What Boris Johnson has promised to do about Brexit


He may have been elusive on some policy areas but when it comes to Brexit, Boris Johnson has made a number of clear commitments.

While previous Conservative leadership campaigns covered a diverse range of issues, Britain’s departure from the EU dominated the latest tussle for the top job in the party.

During his time on the campaign trail Mr Johnson made a series of promises about Brexit.

Here are some of his key pledges:

To leave the EU by October 31 'do or die'

What promises has Boris Johnson made about Brexit during his leadership campaign? (Picture: AP/Frank Augstein)

Mr Johnson has said he will ensure Brexit happens “come what may” by Halloween and said he would put his own plans "into action" on day one as Theresa May’s successor.

In an interview with TalkRadio, he said: "So we are getting ready to come out on 31 October, come what may," and added: "Do or die. Come what may."

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To be ready to leave without a deal

A key message in Boris Johnson's leadership campaign has been a commitment to keeping a no-deal Brexit on the table.

He said at the beginning of the race he is 'not aiming for a no-deal outcome' but maintained it is 'vital' for negotiations not to rule it out.

Boris Johnson insists he is willing to leave the EU without a deal (Getty Images)

MPs have previously voiced their opposition to no deal, which economists warn could tip Britain into recession, and Mr Johnson is likely to face a groundswell of resistance if he tries to pursue it as a policy.

However no deal is the legal default, and the UK will leave without an agreement on 31 October unless an alternative is found or another extension is approved.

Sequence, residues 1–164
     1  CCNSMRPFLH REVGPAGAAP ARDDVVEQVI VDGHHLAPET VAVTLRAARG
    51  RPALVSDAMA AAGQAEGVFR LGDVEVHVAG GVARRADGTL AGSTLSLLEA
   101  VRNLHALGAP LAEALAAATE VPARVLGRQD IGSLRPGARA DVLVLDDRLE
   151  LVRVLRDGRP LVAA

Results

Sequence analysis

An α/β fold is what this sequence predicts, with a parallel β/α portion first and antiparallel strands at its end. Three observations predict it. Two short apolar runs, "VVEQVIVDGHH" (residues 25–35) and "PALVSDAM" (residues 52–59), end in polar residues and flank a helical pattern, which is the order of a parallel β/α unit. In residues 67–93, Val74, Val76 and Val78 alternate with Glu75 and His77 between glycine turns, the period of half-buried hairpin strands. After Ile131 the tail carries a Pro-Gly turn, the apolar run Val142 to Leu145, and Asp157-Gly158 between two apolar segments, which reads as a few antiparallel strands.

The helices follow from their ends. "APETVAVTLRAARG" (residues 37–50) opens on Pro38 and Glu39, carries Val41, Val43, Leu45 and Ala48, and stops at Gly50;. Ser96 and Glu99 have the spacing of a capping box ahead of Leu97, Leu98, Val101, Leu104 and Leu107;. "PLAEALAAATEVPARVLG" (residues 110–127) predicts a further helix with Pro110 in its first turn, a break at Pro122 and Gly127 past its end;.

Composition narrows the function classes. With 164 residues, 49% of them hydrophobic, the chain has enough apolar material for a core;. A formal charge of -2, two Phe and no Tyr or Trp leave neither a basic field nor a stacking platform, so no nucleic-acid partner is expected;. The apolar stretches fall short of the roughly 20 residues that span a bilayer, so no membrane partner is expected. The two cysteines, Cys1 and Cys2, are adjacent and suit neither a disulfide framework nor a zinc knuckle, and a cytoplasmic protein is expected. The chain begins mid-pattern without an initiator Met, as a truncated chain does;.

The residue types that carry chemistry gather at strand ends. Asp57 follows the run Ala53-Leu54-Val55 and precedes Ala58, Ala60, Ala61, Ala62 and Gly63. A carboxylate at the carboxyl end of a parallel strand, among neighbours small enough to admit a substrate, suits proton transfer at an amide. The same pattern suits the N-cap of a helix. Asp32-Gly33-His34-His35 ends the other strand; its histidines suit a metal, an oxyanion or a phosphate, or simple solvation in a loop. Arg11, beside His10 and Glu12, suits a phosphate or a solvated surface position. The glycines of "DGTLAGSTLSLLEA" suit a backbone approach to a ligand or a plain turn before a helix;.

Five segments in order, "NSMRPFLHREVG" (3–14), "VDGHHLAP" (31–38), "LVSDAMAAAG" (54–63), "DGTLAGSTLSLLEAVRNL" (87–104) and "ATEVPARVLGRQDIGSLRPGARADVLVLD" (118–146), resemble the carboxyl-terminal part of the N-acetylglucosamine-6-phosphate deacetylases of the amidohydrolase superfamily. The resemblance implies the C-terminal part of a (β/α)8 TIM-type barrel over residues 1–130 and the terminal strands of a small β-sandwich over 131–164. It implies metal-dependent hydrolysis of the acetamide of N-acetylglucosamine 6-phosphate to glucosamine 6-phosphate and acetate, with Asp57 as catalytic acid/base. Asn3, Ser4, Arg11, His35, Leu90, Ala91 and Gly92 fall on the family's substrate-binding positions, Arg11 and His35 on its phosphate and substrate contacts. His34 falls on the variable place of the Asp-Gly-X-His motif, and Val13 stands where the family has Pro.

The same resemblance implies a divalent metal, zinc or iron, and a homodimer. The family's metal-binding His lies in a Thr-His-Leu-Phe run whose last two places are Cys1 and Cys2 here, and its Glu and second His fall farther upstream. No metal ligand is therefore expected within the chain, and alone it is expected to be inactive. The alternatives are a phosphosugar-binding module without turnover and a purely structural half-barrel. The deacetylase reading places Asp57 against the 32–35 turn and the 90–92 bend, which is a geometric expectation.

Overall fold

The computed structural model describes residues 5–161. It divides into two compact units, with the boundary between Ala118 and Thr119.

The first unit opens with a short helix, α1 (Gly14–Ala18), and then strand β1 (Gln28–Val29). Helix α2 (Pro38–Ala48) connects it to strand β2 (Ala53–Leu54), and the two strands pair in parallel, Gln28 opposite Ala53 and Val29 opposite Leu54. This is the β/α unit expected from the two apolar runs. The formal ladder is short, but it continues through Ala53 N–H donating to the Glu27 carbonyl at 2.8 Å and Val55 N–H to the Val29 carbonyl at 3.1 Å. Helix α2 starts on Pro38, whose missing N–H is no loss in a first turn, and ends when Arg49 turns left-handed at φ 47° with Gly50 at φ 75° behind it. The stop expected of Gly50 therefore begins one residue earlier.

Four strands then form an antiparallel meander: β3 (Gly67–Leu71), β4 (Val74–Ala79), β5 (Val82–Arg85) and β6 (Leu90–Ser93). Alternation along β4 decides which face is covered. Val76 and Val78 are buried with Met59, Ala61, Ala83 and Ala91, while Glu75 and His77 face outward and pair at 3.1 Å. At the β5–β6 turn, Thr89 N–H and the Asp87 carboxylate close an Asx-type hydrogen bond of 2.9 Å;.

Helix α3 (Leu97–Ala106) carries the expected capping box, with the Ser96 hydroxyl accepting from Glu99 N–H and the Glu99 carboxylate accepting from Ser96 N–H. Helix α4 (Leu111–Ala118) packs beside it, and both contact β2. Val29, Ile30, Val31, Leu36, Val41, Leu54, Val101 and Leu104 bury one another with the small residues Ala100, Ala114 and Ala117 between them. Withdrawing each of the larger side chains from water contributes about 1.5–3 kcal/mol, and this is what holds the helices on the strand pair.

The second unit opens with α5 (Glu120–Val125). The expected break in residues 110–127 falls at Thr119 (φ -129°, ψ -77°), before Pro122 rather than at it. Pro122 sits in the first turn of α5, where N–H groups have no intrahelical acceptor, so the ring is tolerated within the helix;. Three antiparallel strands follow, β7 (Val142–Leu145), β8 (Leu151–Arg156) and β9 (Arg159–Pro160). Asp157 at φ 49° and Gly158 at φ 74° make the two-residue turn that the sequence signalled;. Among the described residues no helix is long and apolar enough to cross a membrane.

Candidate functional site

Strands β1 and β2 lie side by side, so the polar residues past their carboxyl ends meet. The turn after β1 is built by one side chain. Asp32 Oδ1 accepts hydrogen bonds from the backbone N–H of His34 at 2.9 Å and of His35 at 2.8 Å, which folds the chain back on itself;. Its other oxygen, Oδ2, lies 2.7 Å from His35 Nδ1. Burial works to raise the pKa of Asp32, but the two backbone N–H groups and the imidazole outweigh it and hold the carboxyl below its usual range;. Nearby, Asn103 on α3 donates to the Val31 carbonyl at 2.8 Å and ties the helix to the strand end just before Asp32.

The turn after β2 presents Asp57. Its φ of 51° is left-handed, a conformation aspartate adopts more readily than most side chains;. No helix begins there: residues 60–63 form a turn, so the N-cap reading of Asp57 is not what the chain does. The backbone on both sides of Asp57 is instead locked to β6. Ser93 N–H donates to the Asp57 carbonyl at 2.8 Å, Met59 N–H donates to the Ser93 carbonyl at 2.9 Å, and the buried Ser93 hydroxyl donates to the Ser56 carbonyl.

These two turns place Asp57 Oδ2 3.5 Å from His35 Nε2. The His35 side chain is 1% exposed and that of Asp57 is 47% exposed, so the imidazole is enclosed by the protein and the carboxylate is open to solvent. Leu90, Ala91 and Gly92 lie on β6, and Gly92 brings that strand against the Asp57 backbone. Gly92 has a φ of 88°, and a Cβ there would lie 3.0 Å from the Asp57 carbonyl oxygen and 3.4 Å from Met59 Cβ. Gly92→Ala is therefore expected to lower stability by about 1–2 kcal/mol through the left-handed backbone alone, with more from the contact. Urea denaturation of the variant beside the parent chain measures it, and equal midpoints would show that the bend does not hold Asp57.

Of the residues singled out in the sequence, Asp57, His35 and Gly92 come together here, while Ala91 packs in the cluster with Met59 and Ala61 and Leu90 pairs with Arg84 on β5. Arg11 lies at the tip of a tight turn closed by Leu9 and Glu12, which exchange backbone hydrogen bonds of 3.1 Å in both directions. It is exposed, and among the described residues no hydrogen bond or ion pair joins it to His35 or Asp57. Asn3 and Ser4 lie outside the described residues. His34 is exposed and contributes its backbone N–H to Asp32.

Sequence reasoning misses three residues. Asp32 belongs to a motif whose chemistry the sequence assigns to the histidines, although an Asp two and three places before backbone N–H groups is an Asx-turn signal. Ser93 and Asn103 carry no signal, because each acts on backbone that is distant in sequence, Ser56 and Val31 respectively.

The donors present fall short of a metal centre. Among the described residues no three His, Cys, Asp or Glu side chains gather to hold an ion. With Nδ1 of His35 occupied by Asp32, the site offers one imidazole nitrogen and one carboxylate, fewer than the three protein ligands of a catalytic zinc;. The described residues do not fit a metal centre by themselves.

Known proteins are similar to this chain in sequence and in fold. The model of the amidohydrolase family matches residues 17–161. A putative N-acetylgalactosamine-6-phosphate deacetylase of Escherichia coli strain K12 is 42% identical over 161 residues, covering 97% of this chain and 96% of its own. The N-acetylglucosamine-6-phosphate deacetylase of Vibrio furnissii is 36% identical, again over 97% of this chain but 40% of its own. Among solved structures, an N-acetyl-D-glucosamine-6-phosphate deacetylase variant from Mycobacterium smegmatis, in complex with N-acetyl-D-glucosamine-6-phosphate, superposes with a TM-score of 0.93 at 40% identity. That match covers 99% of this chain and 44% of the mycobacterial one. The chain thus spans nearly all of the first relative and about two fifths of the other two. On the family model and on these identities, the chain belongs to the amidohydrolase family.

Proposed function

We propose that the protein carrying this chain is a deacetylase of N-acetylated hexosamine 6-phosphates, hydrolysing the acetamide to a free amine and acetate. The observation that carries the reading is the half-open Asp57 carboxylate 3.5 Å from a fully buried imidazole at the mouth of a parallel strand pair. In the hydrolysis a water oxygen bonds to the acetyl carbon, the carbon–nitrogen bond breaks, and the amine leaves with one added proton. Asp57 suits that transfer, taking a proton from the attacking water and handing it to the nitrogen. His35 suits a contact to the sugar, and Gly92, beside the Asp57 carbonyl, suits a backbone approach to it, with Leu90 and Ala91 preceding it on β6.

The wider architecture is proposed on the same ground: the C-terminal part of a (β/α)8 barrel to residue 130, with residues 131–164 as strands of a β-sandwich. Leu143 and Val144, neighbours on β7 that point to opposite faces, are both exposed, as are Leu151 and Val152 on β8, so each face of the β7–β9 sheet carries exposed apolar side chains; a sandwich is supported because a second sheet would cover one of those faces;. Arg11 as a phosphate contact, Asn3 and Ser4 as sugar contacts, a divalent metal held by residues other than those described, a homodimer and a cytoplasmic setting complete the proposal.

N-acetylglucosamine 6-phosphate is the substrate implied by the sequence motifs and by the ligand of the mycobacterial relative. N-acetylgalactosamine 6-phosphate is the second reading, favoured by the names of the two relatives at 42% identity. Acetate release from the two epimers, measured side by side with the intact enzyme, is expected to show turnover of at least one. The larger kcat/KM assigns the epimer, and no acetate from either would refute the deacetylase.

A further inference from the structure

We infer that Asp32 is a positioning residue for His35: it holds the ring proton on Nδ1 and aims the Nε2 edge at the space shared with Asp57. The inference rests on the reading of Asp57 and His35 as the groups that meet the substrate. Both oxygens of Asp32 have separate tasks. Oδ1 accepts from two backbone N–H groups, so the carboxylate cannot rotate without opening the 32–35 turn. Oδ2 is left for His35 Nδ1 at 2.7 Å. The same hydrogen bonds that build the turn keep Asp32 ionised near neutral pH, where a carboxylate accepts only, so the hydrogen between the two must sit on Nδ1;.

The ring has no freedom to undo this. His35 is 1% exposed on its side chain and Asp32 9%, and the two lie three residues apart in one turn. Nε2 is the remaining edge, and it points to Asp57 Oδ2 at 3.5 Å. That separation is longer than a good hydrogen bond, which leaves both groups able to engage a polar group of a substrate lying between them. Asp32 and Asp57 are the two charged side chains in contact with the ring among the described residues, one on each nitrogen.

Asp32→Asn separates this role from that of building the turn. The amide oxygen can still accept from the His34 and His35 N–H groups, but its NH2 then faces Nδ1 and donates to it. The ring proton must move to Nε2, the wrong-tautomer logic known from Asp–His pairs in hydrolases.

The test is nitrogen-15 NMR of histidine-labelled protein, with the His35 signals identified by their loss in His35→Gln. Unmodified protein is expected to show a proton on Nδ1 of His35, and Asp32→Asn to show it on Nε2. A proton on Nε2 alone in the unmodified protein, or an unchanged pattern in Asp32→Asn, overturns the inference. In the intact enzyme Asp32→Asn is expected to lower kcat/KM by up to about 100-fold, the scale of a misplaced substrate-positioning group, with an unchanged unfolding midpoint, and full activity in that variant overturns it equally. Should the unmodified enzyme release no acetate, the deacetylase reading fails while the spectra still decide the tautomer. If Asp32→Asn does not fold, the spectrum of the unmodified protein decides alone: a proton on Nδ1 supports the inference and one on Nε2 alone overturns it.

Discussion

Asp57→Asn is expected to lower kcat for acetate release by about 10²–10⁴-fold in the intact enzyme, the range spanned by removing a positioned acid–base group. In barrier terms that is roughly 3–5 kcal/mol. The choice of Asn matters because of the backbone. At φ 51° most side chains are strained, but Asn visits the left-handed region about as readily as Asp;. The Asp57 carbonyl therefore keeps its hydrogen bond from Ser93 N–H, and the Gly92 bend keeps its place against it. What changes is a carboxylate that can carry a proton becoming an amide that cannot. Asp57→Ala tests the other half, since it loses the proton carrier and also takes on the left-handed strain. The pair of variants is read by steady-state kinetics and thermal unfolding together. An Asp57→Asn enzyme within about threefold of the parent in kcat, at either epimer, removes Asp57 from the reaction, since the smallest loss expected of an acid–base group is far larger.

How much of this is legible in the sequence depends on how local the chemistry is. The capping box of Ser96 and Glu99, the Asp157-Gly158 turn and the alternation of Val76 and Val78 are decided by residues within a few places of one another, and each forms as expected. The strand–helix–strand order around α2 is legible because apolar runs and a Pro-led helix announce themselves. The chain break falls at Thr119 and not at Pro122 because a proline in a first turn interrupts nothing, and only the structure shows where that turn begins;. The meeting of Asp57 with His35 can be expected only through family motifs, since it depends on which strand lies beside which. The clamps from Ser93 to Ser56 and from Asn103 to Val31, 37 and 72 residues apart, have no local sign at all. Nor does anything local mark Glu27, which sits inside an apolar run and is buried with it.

To throw out the Northern Ireland backstop

In interviews during the leadership election process, both Mr Johnson and his rival Jeremy Hunt declared the Northern Ireland backstop “dead”, promising to throw it out of any deal negotiated with the EU.

Brexiteers argue the backstop - the mechanism to guarantee no hard border between Ireland and Northern Ireland - ties the UK to Brussels rules indefinitely.

Asked in a Sun and Talk Radio debate on whether he would seek a time limit to the backstop, Boris said: “The answer is no. The problem is really fundamental. It needs to come out.”

He said his policy would be “no to time limits or unilateral escape hatches or these kind of elaborate devices, glosses, codicils and so on which you could apply to the backstop.”

He added: “I think the problem is very fundamental. It has been devised by this country as an instrument of our own incarceration in the single market and customs union. It needs to come out.”

Boris has said he would hold back the EU divorce bill to make sure the UK gets what we want (Picture: Chris Ratcliffe/Pool via AP)

To hold back the £39bn divorce bill to ‘get what we want’

One tactic Boris Johnson pledged to use to secure a new deal is to hold onto the £39bn EU divorce payout promised by Theresa May and her team of negotiators.